Acoustics A to Z
C = Construction Noise and Vibration
The aim of our articles are to break down acoustic terms and concepts as simply as possible, without going too far into the mathematics and every nitty gritty technicality, that acousticians usually love to get stuck into.
So please, if you’re an architect, contractor, developer, planner… or really anyone who occasionally needs to dabble in acoustic design and assessments… then read on…
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What can we do about Construction Noise and Vibration?
C is a topic which covers probably the most obvious of noise nuisances… construction noise. So, you might be thinking ‘surely there’s not much you can do about construction noise?’.
Unfortunately, you’d be half right, there is no magic trick which will eliminate construction noise. If we live or work near a construction site, we’re going to have to put up with the noise to some extent. But, if the noise is too loud, i.e. where conversation inside the nearest building would be difficult with the windows shut, this might be a ‘significant’ adverse effect, an effect that might be considered to be unacceptable.
In this case, the developer and contractor should be taking actions to mitigate the noise and reduce the impact using ‘Best Practicable Means’, that is, reasonable and practicable measures within technical and financial restraints. So, you’d be half wrong as well, there are some steps that can be taken to reduce noise nuisance from construction works.
So, what measures can be implemented?
There are several. We could control noise at source by fitting silencers to equipment; purchasing quieter alternative plant; and servicing machinery and vehicles regularly. We can use barriers or enclosures around equipment, such as moveable screens; site hoarding; or by taking advantage of existing site structures. We can ensure workers are trained to use equipment correctly and considerately, i.e. turning off vehicles and machinery when not in use rather than leaving to idle; taking advantage of barriers and structures; pointing equipment away from receptors; and dropping rubble from a lesser height.
Local acoustic enclosure/screen – reproduced from BS 5228-1:2009+A1:2014
There are also operational and phasing measures, i.e. using alternative methods of construction (there are several methods of piling for example); avoiding conducting the noisiest activities at unsociable hours; or scheduling these noisier works to occur simultaneously to minimise the total exposure time; conducting some of the preparatory work and maintenance off site; using pre-fabricated constructions; and phasing the works to construct buildings on the perimeter of the site first, such that later construction in the centre of the site benefits from noise screening provided by the new structures on the perimeter.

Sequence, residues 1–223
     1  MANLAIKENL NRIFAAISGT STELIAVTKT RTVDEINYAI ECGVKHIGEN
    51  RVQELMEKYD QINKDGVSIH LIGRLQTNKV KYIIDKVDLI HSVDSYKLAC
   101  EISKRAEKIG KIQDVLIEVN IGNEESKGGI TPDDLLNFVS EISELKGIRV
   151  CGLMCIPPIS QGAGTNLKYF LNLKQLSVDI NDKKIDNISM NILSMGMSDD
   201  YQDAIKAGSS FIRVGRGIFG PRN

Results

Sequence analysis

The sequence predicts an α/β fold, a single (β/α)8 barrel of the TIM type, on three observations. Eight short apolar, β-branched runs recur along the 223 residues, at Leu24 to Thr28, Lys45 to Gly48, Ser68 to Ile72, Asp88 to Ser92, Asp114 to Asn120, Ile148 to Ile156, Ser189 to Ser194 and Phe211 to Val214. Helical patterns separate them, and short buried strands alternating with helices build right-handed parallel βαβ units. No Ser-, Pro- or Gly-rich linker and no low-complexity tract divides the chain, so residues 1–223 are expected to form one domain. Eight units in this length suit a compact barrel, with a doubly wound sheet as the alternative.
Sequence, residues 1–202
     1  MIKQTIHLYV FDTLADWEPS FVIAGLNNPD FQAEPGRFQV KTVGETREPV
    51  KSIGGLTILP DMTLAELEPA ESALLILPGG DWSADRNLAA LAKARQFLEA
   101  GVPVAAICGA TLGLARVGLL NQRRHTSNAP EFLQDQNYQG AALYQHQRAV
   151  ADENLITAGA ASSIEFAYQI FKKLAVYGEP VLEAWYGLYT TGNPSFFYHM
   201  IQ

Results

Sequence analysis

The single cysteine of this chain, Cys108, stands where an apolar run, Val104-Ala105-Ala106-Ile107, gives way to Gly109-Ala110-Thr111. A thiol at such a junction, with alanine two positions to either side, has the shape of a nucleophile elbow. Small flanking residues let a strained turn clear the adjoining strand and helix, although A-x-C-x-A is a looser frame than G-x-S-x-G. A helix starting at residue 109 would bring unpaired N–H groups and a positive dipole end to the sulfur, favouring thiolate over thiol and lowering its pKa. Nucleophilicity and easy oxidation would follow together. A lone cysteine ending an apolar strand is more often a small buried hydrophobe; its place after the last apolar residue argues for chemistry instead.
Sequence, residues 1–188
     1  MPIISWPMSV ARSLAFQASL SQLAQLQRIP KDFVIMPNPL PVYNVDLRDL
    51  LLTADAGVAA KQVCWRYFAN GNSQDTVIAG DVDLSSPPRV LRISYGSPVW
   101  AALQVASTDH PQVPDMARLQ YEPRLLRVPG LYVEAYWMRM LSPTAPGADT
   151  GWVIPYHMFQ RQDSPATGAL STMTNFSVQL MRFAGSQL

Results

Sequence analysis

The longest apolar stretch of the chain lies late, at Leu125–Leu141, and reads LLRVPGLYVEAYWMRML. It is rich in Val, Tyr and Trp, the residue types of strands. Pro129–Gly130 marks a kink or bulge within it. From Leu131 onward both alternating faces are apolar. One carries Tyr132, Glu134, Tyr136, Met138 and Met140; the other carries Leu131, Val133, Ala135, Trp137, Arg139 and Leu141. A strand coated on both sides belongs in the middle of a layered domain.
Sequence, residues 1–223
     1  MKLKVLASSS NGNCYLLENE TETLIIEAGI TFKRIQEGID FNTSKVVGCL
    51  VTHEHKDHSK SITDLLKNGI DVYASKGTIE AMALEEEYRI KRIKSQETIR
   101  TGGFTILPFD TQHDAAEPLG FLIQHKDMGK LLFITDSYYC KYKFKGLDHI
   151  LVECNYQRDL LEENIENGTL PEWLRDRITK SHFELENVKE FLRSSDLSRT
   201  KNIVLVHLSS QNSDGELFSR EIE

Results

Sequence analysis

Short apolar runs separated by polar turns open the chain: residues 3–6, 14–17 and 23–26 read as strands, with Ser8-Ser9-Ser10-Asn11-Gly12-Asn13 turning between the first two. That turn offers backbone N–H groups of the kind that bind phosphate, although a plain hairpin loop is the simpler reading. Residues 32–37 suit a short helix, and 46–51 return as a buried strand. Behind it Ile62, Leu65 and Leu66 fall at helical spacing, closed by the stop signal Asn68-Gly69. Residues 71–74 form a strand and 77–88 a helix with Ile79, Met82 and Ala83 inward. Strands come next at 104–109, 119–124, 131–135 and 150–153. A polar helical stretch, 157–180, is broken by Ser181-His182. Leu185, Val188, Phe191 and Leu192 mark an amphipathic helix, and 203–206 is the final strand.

Even just keeping in regular dialogue with the community can be considered a good noise measure. Informing local residents of when, where and what construction activities are taking place, gives them a chance to prepare and avoids an unwanted surprise. Talking to residents about the noise mitigation initiatives also shows consideration to the community and the environment, which should ultimately help to reduce the number of complaints.
This is a brief list of measures, many more can be found in BS 5228 (a commonly used construction noise and vibration standard), or in code of practice guides produced by many local councils.
Will these measures make enough of a difference?
Unfortunately, even following Best Practicable Means doesn’t always mean that construction noise will be mitigated enough to avoid an unacceptable impact. If the noise is too loud and for too long over a significant period of time, even after all reasonable measures have been taken on the construction site, then further measures might be needed at the affected properties.
In the first instance, the affected properties may be eligible for ‘noise insulation’, that is, the installation of secondary glazing to affected rooms and if necessary, additional ventilation provisions to compensate for the need for windows to remain closed. In extreme cases, the contractor may have to offer temporary re-housing away from the construction site, and occasionally even permanent re-housing may be offered, if it is mutually beneficial to both parties.
Are developers and contractors obligated to mitigate construction noise?
Potentially yes, particularly if constructing in an area which is close to dwellings, places of worship, healthcare buildings or education facilities.
If a local authority receives a series of complaints from noise-sensitive properties, then under the Control of Pollution Act 1974, they have the power to serve a Section 60 notice on the site. This notice can restrict developers and contractors in their working practices (i.e. the equipment used or operational times of certain plant); restrict the general operating hours of the site; and potentially impost a noise level limit which should not be breached. This can all have significant implications on the programming and costs of the works, particularly when a Section 60 notice can be served at any time without warning. Failing to comply with the notice can lead to prosecution at the Magistrates Court, so it would be ill advised to ignore this.